Thursday, April 13, 2017

Walk Thoughts #28: the question of water

Water ought not to be much of an issue during this hike, given that I'll be following rivers for much of the way (even the Saejae portion of the path follows some creeks at certain points).

On a recent six-hour hike, I brought along my CamelBak ripoff, which holds a bit more than three liters of water. By the time I got back to my apartment, I had used about half of that amount, which makes sense: I used to bring along three 500-cc bottles of spring water, and they'd all be gone by the end of a long walk. So I consume roughly 1.5 liters of water every six hours. With a 3-plus-liter water bladder on my backpack, I ought to have no trouble at all with hikes up to twelve hours long (I hope there won't be any such hikes!).

But there's another issue to consider: where to re-water, and how? I'll be solving the "how" problem by carrying two empty plastic jugs: one a bit more than two liters in size, the other a bit under two liters. Wherever I can, and using a length of cord when I must, I'll dip the jugs into whatever available watercourse there is; I'll filter the water through a few layers of cloth to strain out most of the grit; I'll drop in my purification tablets to kill off the microbeasties (I also have another set of tablets whose sole purpose is to remove the nasty flavor of the purification tabs), after which I'll run the treated water through my Grayl and pour it into my CamelBak ripoff. That promises to be a long process, taking the better part of an hour, so I hope I'll be doing this only when I'm at the end of a hike, not in the middle of one. If I find myself without stored water but near a watercourse, and I'm thirsty to the point of dying, I'll simply use the Grayl to scoop water straight out of the watercourse. But I don't think things will ever get that dire.

As for the "where": what's the water situation really like? I've gone over my course, leg by leg, and looked at what fraction of each leg will be close to water. Using a three-point rating system, I will now give you an idea of how good or bad the water situation is going to be during the walk. A "3" means "water available most or all of the way along this leg." A "2" means "water available only part of the way." A "1" means "no water available."

Ready? Let's go. (Keep in mind that the trail segments you see below are the unrevised legs: I haven't yet had the chance to comb through everything and redo the legs. That post is coming, I promise. Remain calm.)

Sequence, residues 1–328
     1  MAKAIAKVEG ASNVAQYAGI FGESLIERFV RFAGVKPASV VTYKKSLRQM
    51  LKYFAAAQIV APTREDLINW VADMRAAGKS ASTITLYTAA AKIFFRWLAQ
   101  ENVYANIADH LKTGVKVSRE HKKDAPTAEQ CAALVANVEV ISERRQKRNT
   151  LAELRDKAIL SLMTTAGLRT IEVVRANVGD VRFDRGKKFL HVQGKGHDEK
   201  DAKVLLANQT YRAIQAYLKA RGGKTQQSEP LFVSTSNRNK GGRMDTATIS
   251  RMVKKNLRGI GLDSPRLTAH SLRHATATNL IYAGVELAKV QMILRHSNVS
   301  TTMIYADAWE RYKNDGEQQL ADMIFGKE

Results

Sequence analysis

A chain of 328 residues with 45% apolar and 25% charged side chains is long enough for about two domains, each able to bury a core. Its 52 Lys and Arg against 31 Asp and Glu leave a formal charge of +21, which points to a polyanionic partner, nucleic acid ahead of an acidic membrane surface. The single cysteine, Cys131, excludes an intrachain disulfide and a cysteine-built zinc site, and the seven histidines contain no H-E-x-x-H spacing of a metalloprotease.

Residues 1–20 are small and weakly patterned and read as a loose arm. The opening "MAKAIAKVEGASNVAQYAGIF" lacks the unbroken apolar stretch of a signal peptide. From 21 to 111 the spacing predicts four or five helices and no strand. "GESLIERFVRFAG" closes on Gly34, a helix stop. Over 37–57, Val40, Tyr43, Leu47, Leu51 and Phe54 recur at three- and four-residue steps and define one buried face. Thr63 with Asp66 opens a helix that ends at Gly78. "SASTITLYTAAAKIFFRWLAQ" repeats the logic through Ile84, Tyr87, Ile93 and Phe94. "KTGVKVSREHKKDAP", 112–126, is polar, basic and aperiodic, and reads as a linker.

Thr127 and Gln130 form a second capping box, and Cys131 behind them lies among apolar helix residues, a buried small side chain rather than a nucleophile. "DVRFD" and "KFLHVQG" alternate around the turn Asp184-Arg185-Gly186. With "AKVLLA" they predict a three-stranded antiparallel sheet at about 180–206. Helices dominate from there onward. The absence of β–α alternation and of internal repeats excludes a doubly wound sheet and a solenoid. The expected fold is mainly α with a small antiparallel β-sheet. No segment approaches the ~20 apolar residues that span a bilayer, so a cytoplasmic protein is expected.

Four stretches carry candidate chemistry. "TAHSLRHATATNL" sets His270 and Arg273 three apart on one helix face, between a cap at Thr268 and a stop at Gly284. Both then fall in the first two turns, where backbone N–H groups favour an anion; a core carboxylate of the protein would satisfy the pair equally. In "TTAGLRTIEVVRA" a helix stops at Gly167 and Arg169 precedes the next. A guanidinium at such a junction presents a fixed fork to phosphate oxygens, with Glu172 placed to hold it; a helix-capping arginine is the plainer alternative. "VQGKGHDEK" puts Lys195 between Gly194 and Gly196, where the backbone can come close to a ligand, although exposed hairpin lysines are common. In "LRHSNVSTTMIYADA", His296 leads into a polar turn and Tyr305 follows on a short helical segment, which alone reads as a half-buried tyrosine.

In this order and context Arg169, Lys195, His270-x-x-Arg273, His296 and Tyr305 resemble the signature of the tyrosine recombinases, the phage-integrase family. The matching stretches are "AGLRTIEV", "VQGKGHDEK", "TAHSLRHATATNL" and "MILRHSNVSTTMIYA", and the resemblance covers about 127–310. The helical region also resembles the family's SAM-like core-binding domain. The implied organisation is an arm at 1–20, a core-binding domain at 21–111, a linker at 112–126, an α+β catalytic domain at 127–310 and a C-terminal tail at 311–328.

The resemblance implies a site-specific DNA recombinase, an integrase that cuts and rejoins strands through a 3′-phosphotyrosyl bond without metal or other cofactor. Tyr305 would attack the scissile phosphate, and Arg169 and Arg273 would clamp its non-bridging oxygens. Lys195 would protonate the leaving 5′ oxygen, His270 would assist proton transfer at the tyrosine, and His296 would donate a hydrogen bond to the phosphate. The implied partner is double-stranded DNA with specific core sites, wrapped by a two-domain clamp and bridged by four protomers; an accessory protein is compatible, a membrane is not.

Day 1, Leg 1 (camp) = 3

Day 2/Leg 2 (inn) = 3

Day 3/Leg 3 (inn) = 3

Day 4/Leg 4 (inn) = 3

Day 5/Leg 5 (camp) = 3

Day 6/Leg 6 (inn) = 3

Day 7/Leg 7 (inn) = 2 (if I follow a road and not the bike trail)

Day 8/Leg 8 (camp) = 1 (gonna suck)

Day 9/Leg 9 (minbak) = 2 (water @ last half)

Day 10/Leg 10 (camp @ campground) = 3 (leaving Saejae for Nakdonggang path)

Day 11/Leg 11 (hotel) = 3

Day 12/Leg 12 (camp) = 3

Days 13-14/Leg 13 (inn) = 3

Day 15/Leg 14 (camp, maybe hotel in town [Daegu]) = 3

Day 16/Leg 15 (inn) = 3

Day 17/Leg 16 (camp) = 3? (some parts seem set away from water)

Days 18-19/Leg 17 (camp & camp again) = 3

Days 20-21/Leg 18 (hotel) = 3

Day 22/Leg 19 (Toyoko Busan Station #1 Hotel! woo-hoo!) = 3 (but it won't matter*)

UPSHOT: as you see, it's only part of the Saejae trail that's going to be a real problem.** If things are looking bad on Day 8, when I'll be camping and away from any water source, I'll be sure to fill up my two plastic jugs as well as my CamelBak ripoff before I set out on the trail that day. Day 8 is really the only day when water might become an issue. That's not so horrible: I've walked without water in the high desert of Oregon. Not something I'd recommend you try, but walking in such conditions is survivable. Of course, it's stupid to find yourself without water; that can only happen as a result of poor planning. But that's why I'm keeping a record of my planning here, for all to see. There won't be any danger.

*I bet I could hike this segment without water.

**The Saejae trail has another major problem, and I have to thank a Korean-language guidebook for warning me about this: this is the segment where the bike trail merges with regular roads the most often, which makes this the most dangerous part to walk along. The more I learn about the Saejae portion of my walk, the less I like it.

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